Hyper-threading CPU tests

bp2008

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Lately I have been telling people that CPUs with hyper-threading suffer reduced performance when their CPU usage is over 50%, but I've never had real data demonstrating this. Today I put together a program to benchmark and test this theory. The results are interesting, and not exactly what I expected.

Testing Methodology

I wrote a small application which uses a simple producer/consumer model to test how high the CPU usage gets for a given amount of load. Basically, there is one producer thread which produces jobs for the CPU at a fixed rate, and there are 24 consumer threads which compete for CPU time to complete the jobs. The purpose of this is to simulate the load of decoding IP cameras, which produce work for the CPU at a (roughly) fixed rate. I tested the CPU on three different workloads:

1) Rendering a small Mandelbrot fractal image.
2) Decoding a 640x480 jpeg image using the Image class avialable in the .NET programming framework.
3) Decoding a 640x480 jpeg image using the 3rd-party libjpeg-turbo library.

I ran these tests on an i7-7700K system, which has 4 physical cores.

Results

I produced three graphs from the data I collected. In each of these graphs, the X-axis is the number of jobs per second which were created, and the Y axis is a % from 0 to 100. Both axes are linear. The blue lines are CPU usage %, and the red line is the % of work that the CPU was able to handle. When the red line starts dipping below 100%, it is a sign that the CPU is becoming overloaded.

Fractal Rendering

My first result set best demonstrates the effect where CPU usage rises faster above 50%. In this graph, CPU usage reaches 50% when the producer reaches 1100 jobs per second. When the producer reaches 1425 jobs per second, the CPU begins falling behind, unable to keep up with the incoming load. Interestingly, CPU usage never consistently exceeds 90% in this test despite clear signs it is unable to perform more work.



I repeated the test with hyper-threading disabled. 50% utilization was reached at 725 jobs/sec and the CPU began falling behind at 1225 jobs/sec.



Jpeg Decode (.NET)

In this test, CPU usage reaches 50% when the producer creates 280 jobs per second. Around the 440 jobs/sec mark, the CPU begins falling behind.



In the no-hyper-threading test, 50% utilization was reached at 180 jobs/sec and the CPU began falling behind at 320 jobs/sec.



Jpeg Decode (libjpeg-turbo)

In this test, CPU usage reaches 50% at around 520 jobs/sec and begins falling behind at around 830 jobs/sec.



In the no-hyper-threading test, 50% utilization was reached at 330 jobs/sec and the CPU began falling behind at 610 jobs/sec.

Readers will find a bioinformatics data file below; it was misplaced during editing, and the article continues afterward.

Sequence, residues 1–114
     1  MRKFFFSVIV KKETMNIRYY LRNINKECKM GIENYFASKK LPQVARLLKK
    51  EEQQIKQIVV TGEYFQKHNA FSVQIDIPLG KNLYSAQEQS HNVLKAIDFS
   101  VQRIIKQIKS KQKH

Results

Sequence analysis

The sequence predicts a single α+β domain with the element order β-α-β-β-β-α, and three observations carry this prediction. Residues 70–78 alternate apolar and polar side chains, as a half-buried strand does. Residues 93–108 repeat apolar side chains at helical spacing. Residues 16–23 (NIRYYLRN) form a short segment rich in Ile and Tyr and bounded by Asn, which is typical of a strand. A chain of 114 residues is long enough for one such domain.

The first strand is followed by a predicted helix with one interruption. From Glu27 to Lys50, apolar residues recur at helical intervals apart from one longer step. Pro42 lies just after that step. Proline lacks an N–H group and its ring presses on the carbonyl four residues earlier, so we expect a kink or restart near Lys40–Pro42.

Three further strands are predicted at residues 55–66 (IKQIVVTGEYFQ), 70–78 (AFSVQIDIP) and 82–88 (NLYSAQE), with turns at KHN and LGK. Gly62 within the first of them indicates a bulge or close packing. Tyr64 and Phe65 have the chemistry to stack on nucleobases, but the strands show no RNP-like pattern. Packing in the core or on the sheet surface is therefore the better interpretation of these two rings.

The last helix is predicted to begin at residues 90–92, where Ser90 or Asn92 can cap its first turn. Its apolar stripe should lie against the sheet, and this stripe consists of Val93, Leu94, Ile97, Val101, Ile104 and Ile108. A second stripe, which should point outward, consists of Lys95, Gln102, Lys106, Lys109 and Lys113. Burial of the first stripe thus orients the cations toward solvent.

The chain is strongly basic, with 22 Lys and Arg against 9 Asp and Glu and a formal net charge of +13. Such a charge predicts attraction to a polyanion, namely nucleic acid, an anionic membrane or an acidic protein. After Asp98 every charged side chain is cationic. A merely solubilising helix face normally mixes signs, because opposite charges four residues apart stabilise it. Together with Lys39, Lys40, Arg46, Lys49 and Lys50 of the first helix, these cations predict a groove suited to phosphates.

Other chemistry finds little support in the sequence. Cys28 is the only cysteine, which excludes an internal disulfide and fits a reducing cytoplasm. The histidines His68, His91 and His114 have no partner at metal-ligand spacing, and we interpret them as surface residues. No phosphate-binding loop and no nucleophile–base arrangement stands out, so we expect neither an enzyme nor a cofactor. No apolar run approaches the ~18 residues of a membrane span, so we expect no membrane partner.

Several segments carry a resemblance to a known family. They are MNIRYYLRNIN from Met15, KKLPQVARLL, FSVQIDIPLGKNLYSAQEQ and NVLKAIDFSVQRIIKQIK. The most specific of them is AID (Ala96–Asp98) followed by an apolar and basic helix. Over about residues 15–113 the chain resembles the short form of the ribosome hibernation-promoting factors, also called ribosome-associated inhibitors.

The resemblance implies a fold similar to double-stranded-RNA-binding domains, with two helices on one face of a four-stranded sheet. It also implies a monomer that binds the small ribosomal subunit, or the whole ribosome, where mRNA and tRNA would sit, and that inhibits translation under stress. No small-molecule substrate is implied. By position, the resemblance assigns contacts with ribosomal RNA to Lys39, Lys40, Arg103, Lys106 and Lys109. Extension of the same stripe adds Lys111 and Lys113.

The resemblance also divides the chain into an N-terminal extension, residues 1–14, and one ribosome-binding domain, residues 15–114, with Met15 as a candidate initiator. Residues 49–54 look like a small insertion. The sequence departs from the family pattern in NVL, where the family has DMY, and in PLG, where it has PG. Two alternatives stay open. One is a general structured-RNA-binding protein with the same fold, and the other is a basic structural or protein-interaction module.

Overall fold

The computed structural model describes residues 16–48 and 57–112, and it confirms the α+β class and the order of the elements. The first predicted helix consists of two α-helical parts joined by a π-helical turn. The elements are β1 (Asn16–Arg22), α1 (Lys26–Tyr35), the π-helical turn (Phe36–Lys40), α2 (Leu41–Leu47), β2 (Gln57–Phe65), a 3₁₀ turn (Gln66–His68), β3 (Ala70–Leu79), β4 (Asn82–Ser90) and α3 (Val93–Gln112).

(this final test was intentionally cut off early to save time)

Conclusions

These results clearly disprove my earlier belief that 100% utilization on a non-hyper-threading CPU would be similar to 50% utilization on a hyper-threading CPU. I expected a sharp rise in CPU usage after 50% when using HT, but instead what was seen is a gentle curve which goes all the way from idle to the point where the CPU reaches its limit. Non-HT results appeared more linear.

The fact remains that hyper-threading only doubles the number of logical cores, but does not double the performance.

In the Fractal Rendering test, HT added about 16%.
In the Jpeg Decode (.NET) test, HT added about 38%.
In the Jpeg Decode (libjpeg-turbo) test, HT added about 36%.
 
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bp2008

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Above, I've added results from running the same tests with hyper-threading disabled.
 
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Nice work @bp2008, I recall reading “depending on load” hyperthreading can reduce performance or give improvements up to about 25% but you numbers seem to indicate possibly more. I never could find that link a second time!
 

bp2008

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Yes, most benchmarks don't show a huge improvement from hyperthreading. The little ones I wrote today certainly seem to, but I haven't done a test with HT disabled yet.
 

bp2008

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@crw030 My results basically agree with the notion that the performance improvement is around 25% depending on load. One test showed a 16% improvement, while the others showed 38% and 36%.
 

cb8

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Nice work, @bp2008!

How exactly are you scheduling the work? Are you scheduling n jobs every 1 second, n/10 jobs every 100ms, n/100 jobs every 10ms (where n is the target number of jobs per second)?
 
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